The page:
Israeli airlines are set to receive a government bailout to overcome the coronavirus crisis. The government is planning advance ticket purchase agreements with airlines to increase revenue. El Al is the first to receive this bailout and has seen the government buy upfront tickets for $ 210 million.
Long to come
According to Reuters, Israel has announced a new bailout for the country’s ailing airlines. The package was long overdue because the country did not provide direct financial assistance during the crisis, offering instead only government guaranteed loans. This time around, the government is offering bailouts, but with a trap.
Airlines will be bailed out by purchasing tickets in advance for Israeli air security personnel who are to go to various airports. This means that the government will buy hundreds of thousands of tickets in advance, thus increasing the airlines’ cash reserves, and will use the tickets over the next two decades for security personnel who must travel.
El Al is the first beneficiary of this program, which replaces a $ 300 million project government guaranteed loan. The government bought seats for $ 210 million from El Al and the Sun Dor branch for use by security guards for over 20 years. Other airlines that carry security personnel will be offered similar offers in the coming weeks.
It’s not a new idea, with Hong Kong purchase of 500,000 tickets of the city’s airlines last spring to boost the airlines and later offer the tickets through a raffle. These tickets cost the government $ 260 million and came at a critical time for Cathay Pacific airline and others.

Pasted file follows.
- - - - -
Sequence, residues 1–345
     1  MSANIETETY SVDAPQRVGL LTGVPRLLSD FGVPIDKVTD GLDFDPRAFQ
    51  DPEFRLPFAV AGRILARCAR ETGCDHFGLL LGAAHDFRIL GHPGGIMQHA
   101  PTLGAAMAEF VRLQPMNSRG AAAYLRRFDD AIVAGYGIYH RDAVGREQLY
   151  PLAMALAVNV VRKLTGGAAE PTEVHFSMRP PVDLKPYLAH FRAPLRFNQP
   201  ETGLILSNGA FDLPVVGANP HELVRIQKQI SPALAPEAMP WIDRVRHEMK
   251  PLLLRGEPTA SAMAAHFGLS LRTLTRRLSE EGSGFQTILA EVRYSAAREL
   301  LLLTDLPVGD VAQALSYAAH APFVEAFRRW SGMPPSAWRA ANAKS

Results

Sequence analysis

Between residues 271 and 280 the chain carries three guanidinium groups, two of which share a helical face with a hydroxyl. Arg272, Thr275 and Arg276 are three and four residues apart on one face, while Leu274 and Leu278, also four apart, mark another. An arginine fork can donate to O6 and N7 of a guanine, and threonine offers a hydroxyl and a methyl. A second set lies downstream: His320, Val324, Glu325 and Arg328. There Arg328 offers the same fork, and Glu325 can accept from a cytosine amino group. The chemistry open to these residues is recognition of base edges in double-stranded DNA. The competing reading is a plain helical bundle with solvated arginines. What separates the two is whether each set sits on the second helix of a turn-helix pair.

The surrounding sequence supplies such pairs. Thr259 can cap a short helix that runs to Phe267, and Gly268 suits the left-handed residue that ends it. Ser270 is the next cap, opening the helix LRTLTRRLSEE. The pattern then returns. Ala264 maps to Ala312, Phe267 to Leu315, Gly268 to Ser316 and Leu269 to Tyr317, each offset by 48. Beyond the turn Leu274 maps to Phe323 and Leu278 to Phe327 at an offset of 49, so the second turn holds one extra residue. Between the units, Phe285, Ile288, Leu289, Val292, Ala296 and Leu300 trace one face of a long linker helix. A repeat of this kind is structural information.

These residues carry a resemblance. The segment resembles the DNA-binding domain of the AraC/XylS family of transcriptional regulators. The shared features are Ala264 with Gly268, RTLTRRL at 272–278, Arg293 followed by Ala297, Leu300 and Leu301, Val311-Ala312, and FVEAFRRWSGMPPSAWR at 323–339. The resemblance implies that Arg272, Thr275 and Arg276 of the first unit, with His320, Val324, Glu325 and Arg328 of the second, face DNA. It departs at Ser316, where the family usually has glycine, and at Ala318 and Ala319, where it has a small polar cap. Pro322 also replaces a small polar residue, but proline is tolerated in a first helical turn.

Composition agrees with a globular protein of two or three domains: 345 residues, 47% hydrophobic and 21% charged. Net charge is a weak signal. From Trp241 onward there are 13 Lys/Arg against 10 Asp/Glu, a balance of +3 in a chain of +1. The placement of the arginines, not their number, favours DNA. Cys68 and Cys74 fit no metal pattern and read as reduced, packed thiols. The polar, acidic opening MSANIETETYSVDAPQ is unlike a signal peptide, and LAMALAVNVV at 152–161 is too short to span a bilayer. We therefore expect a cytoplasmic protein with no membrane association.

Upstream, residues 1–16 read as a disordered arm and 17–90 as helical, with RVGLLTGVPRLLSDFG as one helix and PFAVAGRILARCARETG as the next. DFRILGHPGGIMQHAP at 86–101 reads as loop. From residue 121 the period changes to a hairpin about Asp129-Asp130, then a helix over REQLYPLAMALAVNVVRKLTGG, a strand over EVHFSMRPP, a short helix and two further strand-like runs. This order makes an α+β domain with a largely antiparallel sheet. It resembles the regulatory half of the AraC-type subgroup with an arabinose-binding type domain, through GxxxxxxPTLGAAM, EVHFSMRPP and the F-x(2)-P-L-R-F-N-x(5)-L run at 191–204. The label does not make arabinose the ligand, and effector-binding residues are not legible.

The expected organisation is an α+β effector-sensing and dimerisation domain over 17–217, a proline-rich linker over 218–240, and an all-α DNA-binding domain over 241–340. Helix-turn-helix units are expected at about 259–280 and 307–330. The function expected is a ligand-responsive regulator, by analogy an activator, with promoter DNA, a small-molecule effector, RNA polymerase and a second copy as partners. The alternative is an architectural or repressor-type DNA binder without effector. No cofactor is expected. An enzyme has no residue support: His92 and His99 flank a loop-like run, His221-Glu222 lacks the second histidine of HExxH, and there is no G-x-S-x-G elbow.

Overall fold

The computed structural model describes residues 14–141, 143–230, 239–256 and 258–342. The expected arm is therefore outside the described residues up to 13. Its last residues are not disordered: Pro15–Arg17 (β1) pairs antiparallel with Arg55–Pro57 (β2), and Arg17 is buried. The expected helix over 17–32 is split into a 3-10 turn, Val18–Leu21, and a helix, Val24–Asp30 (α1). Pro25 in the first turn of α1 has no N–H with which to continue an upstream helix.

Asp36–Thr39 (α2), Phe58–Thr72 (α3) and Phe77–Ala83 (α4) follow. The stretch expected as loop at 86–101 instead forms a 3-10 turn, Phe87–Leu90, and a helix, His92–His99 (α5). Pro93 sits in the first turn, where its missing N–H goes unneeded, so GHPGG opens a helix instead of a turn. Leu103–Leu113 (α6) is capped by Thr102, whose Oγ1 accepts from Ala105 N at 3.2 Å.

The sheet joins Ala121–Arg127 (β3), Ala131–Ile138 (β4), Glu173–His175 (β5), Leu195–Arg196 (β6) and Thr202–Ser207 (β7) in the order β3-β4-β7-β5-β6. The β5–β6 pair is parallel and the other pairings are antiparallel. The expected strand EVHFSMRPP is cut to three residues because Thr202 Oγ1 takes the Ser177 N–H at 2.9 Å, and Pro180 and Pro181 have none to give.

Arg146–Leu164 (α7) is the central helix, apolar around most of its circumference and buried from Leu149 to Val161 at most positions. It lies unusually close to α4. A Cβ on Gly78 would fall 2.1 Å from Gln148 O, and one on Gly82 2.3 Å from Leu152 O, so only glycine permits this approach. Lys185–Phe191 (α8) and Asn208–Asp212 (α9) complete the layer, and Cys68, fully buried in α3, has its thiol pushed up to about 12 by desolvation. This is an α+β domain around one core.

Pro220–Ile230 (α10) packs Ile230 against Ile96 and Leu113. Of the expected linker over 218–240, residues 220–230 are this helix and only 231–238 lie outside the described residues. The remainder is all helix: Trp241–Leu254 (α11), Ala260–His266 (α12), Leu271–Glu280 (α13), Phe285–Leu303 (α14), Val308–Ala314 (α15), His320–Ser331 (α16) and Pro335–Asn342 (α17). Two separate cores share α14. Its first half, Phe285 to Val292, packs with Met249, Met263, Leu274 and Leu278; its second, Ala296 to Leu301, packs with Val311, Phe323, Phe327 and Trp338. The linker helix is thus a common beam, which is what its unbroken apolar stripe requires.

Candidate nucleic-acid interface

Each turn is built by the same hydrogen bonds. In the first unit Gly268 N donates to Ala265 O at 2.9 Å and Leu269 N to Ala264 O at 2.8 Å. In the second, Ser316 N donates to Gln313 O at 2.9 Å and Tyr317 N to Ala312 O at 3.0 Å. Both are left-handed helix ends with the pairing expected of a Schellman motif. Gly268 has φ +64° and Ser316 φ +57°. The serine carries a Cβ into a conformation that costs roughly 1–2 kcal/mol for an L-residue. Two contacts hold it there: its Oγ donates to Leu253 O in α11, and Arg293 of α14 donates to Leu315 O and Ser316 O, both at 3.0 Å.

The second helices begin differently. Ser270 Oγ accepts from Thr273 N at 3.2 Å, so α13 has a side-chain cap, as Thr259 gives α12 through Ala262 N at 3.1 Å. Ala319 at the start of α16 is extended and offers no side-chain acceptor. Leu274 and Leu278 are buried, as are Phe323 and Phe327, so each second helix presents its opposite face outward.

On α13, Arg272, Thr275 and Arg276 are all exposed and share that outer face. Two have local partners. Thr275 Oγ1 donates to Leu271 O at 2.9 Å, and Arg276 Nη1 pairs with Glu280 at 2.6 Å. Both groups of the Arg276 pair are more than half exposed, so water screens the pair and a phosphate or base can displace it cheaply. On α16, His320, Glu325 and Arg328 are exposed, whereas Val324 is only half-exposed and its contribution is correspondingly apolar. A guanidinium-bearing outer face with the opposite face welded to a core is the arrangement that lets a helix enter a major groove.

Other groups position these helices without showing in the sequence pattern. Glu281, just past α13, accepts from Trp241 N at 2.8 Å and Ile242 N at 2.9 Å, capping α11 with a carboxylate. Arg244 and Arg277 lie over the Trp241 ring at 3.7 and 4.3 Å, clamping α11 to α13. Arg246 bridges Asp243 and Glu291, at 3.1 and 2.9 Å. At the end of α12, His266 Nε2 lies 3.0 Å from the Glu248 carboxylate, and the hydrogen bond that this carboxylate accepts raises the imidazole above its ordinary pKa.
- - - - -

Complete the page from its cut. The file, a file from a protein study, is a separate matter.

While many major aviation markets have provided direct stimulus through bailouts, Israel has not. Instead, the government has taken a more fiscally prudent approach to ensure it recovers its funding. This meant that flag-bearer El Al and others obtained loans with a state guarantee, providing money but increasing debt.
However, purchasing tickets is an acceptable middle ground for airlines, offering benefits now. While carriers could lose future revenue from government stranded seats, the need for survival trumps that. Given that Israel’s border has been largely closed for a year, the bailout will be essential for airlines.
The bailout comes at a key moment for airlines, on the cusp of a recovery. Israel rushed to immunize its population, providing both doses to nearly 50% of the population. Once a critical mass of the population is reached, the country will reopen completely for tourism, national first and international later.
Countries around the world will look to Israel as the first example of a country achieving normalcy. If the cases fall soon, the country could even reopen its border and allow the return of vaccinated tourists. For now, airlines are hoping that the bailout will be enough to ensure the resumption of aviation.
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